A Cup A Cup A Cup A Cup A Cup

You may sip from your Canteen or Pack Hydration Badder. You might guzzle from your Can or gulp from a Bottle. Wine Skins are cool if that's what you're into and of course you might chance a sip directly from the source (dangerous) but if you camp sooner or later, you'll need a Cup.

How stupid does that advice sound? Bring a cup.
Well there are Cups and then there are Cups. In survival school, students often are required to make their own Bowls and Cups, not to mention Spoons and a Fork now and then. Luckily we don't need to do all that (although it is a very cool project) we can bring suitable Cupage on our treks.
But what kind?

One of the most common and useful cups for camping is of course the old enameled steel "cowboy" cup. These chipped workhorses of the back country dinning room have been around for centuries.
With good reason, they are rugged and smart looking. I think the inevitable chipping just adds to their eye appeal.
Here is a modern version of the classic, instead of blue with white speckle it is black and has an unpainted rim. It reminds me of the night sky and I think it is a sharp looking cup. Many seasoned trekkers know that although heavy, these cups offer their owner some interesting features. For instants, the cup cools quickly. This might sound like a disadvantage but the contrary is true. These things get HOT. The warmth is transferred to the hands and if you've ever watched a cowboy movie you know what I'm talking about. The old saddle trap, collar up hat down sitting around the fire, huddled over a cup warming his hands, face as well as his insides. It's a drinking experience.

The purpose made "Camp" cup is handy in size and weight. It's aluminium composition makes it a joy to carry.

Along the same lines, the plastic camp cup is lite and even graduated in some examples such as this one. This can be handy when preparing meals that require measurement of water or other ingredients.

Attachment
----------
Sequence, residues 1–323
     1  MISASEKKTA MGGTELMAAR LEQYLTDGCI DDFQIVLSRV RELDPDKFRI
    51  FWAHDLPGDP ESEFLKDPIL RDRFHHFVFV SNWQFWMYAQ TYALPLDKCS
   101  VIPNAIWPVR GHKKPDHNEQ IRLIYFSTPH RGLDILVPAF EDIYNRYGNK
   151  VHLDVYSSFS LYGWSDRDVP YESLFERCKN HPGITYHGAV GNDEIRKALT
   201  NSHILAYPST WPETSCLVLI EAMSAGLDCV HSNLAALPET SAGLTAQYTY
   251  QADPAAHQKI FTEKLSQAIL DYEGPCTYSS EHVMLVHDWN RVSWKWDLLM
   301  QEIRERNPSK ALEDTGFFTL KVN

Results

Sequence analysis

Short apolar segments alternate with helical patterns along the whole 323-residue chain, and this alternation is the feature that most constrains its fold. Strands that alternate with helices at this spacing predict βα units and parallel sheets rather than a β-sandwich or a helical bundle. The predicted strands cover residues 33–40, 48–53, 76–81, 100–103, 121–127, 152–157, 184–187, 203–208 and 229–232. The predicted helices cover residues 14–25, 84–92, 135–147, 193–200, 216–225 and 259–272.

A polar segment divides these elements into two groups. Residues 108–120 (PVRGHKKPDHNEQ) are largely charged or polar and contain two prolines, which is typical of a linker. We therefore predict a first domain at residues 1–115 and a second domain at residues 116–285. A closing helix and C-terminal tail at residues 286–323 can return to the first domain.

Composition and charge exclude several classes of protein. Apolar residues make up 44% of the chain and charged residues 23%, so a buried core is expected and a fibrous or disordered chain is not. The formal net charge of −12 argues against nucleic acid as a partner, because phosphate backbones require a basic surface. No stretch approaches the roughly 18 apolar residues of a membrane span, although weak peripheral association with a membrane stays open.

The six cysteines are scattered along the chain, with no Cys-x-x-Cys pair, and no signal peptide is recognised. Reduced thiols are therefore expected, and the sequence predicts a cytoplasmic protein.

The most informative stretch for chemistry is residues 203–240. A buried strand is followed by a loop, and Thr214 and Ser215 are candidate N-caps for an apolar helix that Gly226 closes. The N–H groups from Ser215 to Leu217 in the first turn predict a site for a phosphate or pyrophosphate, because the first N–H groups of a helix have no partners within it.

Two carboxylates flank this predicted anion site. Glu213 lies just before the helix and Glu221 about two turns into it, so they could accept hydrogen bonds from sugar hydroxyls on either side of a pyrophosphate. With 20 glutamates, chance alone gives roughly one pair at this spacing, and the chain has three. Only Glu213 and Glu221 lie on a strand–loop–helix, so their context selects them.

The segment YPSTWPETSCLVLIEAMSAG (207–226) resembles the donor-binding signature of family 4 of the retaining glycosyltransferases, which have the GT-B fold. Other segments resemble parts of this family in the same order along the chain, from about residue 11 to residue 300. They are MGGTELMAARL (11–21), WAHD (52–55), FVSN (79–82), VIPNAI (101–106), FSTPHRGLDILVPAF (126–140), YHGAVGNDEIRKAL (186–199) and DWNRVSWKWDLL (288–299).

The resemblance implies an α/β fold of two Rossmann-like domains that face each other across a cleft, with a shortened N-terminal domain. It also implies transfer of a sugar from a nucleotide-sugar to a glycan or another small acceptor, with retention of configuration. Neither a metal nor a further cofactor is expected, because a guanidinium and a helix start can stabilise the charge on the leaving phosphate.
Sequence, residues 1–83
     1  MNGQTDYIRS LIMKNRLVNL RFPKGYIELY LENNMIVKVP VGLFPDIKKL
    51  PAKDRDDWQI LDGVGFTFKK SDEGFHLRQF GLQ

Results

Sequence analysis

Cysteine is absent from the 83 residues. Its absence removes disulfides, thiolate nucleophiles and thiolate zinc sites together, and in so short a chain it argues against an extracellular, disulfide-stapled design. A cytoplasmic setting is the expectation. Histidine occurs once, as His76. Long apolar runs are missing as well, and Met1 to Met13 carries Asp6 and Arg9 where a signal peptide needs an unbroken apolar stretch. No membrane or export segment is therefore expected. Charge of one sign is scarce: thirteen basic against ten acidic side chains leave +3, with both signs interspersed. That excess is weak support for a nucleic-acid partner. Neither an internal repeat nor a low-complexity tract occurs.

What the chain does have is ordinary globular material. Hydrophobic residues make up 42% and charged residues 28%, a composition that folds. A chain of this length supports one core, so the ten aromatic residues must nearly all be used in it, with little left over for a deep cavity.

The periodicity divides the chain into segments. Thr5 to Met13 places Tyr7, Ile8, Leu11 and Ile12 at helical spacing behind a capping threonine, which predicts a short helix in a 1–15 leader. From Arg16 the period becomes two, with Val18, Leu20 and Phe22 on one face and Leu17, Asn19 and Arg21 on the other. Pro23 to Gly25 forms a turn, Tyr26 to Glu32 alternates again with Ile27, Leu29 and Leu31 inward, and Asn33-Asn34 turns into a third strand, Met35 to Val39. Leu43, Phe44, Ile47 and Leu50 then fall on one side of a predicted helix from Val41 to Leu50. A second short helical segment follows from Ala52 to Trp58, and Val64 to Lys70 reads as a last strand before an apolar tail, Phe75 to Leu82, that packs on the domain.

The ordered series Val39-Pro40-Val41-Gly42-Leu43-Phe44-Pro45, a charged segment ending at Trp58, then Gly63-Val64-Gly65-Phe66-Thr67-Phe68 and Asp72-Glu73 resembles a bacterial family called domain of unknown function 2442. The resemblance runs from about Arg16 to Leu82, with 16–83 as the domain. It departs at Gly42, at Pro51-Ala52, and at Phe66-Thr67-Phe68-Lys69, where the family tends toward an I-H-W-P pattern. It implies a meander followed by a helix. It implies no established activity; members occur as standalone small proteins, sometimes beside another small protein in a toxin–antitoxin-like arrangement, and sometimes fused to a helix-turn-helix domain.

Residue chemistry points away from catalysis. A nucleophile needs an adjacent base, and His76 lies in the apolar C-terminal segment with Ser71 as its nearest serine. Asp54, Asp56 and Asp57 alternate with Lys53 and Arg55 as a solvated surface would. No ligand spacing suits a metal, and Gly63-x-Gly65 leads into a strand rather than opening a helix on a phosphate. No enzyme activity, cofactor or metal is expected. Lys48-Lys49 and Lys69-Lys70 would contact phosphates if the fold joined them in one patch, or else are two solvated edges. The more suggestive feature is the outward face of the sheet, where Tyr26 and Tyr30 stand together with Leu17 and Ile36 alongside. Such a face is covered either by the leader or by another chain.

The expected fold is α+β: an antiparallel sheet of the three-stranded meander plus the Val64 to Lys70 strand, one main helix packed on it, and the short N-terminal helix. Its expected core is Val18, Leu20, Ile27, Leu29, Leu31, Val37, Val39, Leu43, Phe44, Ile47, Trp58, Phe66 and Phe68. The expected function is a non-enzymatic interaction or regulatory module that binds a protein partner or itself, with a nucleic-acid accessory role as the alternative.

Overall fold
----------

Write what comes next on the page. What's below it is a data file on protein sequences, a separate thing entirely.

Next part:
The "new" standard is of course the stamped "wire" handle camp cup. Generous and tough these cups are great for just about any use, even as a small cook pot. I can't tell you how many meals of soup or noodles I've whipped up in these. The bail style wire handle keeps it manageable when hot.

The military had a similar idea and has produced "canteen" cups for the troops that have folding wire or in this case stamped metal handles. Nice size, well made, very heavy.

Not to be out done the military Mess Monkeys over seas made a design that IS more frying pan then cup but does a bang up job.

The "D" rings on the handle enable the cook to add a stick of wood to extend reach or avoid burning hands.

Some cups suffer an identity crisis, they don't know if they are cups or pots or frying pans. what this usually means is they are hardly adequate at any of those jobs. Such is the cup on the Svea 123 stove.

It's a sad little cup just trying to fit in. The handle is removable.

Suspiciously missing from my list of camp cups is of course the classic Sierra cup. This cup is a bit strange to me, it's design is wide at the top and narrow at the base. To me this seems a bit tipsy having so small a footprint and the ultra wide mouth cools the drink off so fast I find it counter productive. If you've ever seen a nautical mug used on ships at sea, you understand how and why they work. The wide base keeps them from tipping and the narrow chimney style opening keeps the steamy brew from cooling to fast. Why would any one want a cup with reverse features? The Sierra cups do look cool and make a neat micro fry pan but I think the idea was under thunk.
So many cups to chose from one might wonder what cup is the chosen vessel for you. Only you know what would work best however. Strong, lite and packable cups make the best drinking buddies.
You might ask what the tiny cowboy cup is used for.

So let us lift a glass to the cup.
Bottoms up.

Safe travels